2013 seems to have started at a full sprint. It feels as though the annual meeting of the American Society of Cell Biology in San Francisco just finished. We exhibited and presented a tutorial there entitled, Find Functionally Important Driver Genes with RNAi Genetic Screening
Using Pooled shRNA Libraries on December 17. Now in the first week of January, the holidays seemed to have come and gone with barely a skip in stride.
With almost 7,500 attendees, the Cell Biology meeting was a good finish to the year—a chance to catch up with old colleagues and meet some new ones.
With the focus on Cell Biology, of course there was a full complement of microscope and imaging companies. Our exhibit was situated near Zeiss which had a rotating sequence of exceptional images of drosophila larvae, tissues, and butterfly wings. Some we couldn't figure out and neither, it seemed, could anyone at the Zeiss booth. You can see similar ones from Zeiss here with details on the image subject.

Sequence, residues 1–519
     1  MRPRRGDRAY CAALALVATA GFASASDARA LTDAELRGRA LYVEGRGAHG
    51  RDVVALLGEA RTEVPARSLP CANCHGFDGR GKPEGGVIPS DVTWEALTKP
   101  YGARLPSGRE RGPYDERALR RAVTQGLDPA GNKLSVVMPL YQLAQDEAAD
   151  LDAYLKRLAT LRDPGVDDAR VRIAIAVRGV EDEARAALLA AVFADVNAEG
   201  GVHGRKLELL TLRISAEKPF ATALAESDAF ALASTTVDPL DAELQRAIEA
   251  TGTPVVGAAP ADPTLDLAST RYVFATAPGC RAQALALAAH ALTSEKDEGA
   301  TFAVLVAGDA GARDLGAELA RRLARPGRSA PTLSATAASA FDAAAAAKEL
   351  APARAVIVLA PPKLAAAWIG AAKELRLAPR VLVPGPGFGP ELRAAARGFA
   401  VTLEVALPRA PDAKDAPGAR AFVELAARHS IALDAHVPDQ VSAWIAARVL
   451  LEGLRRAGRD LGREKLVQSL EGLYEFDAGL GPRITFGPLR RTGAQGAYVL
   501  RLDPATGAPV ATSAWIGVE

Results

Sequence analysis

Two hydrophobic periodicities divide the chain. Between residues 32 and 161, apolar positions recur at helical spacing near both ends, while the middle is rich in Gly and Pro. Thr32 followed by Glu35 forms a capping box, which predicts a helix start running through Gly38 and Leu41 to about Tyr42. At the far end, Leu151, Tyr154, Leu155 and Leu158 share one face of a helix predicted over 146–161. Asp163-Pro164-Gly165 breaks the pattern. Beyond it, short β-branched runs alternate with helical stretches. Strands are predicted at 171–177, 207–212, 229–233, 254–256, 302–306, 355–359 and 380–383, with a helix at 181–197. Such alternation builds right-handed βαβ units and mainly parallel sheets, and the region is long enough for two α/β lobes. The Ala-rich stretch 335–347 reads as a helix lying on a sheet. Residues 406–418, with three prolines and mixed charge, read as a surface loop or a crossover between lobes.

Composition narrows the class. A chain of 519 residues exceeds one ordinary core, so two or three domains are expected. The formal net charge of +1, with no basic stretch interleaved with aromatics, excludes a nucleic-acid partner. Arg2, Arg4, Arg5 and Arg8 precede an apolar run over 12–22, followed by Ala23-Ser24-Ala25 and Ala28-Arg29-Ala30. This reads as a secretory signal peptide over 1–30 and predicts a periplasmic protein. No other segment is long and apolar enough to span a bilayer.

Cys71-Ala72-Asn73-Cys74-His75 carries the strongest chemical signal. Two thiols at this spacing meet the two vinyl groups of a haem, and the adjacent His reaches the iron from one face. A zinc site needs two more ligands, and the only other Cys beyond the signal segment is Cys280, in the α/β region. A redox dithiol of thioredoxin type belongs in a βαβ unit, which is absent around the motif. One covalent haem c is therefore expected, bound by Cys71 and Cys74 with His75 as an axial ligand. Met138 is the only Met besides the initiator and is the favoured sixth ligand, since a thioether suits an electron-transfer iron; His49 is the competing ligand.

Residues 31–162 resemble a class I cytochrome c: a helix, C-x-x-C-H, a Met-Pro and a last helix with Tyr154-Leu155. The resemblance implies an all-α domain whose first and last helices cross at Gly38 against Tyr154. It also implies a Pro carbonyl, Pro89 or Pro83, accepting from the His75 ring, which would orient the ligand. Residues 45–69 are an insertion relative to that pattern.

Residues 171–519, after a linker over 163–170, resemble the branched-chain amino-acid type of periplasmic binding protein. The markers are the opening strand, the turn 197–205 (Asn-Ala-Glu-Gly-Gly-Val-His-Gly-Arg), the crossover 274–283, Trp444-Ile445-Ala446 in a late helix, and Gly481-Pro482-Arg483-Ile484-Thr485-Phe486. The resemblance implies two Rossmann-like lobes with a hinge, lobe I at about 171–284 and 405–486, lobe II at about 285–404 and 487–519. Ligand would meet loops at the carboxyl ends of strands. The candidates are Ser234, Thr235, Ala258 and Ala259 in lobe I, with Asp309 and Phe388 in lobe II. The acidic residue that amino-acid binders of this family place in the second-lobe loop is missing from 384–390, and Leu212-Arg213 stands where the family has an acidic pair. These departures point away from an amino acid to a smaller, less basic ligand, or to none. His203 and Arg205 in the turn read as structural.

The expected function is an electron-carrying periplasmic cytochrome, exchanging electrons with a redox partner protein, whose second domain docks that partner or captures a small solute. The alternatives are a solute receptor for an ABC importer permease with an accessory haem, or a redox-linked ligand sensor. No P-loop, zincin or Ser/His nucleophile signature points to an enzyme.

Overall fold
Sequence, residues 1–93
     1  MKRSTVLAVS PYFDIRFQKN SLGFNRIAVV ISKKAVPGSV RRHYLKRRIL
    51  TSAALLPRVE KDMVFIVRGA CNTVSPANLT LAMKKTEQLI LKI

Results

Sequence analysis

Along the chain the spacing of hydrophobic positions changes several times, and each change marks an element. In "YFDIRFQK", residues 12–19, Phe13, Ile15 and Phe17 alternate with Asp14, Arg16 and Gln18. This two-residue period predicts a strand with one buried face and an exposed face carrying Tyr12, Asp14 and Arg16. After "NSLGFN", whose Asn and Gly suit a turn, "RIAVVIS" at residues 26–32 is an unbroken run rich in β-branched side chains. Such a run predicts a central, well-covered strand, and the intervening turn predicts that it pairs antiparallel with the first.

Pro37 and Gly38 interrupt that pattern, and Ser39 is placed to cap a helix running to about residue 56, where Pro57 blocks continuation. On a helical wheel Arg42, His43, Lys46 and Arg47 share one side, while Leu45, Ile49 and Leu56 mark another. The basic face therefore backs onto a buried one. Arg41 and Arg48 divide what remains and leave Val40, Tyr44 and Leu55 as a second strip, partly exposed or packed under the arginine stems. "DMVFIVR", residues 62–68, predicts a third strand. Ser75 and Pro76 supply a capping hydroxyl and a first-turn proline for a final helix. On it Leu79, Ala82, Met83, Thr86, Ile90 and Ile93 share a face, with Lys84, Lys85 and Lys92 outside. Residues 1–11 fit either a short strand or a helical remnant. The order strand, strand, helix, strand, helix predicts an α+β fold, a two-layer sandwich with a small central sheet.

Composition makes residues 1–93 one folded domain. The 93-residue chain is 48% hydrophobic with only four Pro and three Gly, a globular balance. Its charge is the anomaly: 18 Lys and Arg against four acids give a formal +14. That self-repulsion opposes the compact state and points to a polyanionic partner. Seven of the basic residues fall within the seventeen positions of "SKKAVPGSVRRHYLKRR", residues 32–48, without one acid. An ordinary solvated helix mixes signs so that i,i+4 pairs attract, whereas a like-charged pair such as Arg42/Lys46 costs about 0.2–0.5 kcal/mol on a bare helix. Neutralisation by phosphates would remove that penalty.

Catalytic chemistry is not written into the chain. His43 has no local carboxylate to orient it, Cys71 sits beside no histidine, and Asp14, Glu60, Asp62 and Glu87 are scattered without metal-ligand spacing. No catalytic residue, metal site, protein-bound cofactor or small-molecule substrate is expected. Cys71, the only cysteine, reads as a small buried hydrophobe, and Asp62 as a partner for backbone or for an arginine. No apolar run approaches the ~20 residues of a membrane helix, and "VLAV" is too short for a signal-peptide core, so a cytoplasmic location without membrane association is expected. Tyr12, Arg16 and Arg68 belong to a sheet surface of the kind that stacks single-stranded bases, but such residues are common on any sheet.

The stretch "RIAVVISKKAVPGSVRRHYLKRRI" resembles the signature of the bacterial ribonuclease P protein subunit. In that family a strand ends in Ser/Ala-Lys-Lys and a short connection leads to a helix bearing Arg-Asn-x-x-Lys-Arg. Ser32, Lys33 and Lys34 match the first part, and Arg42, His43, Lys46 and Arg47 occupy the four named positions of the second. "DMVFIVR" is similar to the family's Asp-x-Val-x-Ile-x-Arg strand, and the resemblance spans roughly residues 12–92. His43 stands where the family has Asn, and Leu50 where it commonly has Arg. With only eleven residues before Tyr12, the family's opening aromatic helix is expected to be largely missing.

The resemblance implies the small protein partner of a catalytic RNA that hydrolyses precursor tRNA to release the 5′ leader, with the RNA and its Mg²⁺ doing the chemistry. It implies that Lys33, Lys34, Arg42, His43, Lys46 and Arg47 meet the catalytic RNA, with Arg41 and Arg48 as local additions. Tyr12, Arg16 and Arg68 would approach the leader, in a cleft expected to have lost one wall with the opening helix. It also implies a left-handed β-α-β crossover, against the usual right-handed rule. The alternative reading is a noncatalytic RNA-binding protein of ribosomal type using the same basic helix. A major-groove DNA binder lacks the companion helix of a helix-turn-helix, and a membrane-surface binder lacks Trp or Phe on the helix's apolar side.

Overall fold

Salt Lake City based Vutara, who specialize in molecular resolution imaging, were located right next to us. A spin off of technology developed at the University of Utah, which seems to have an active incubator program. They told us that the University of Utah produces as many start ups as MIT, which surprised me. Evidently, it's true though. The school seems to have a pretty effective Technology Commercialization Office.
Of course, the exhibitors represented a broad range of technology. For instance, across from our site, was Chromotek, a small German company who offer unique single-chain Alpaca antibody reagents. They came in just for the conference and were giving away cool flashing yo-yos. Also, similar sounding Cellectis, a French company specializing in targeted gene knockout technology, was just a few rows away. They are a much larger company than I realized with significant R&D efforts in drug development. And, B-Bridge International, who helped us get our start, were exhibiting the mechanical cell stretching instrument they distribute for Japanese manufacturer STREX.
Finally, there was also an interesting initiative from the US Dept. of Health and Human Services to consolidate all the regulatory information concerning Hopefully, this project will help eliminate the time and frustration in searching the websites of various government regulatory agencies to see which rule apply when shipping or working with certain biologics. Here’s more about the S3: Science, Safety, Security project.
All-in-all the conference was a good way to end the year. As we start the new one, we wish all our friends, customers, and colleagues a healthy, happy, and prosperous 2013.
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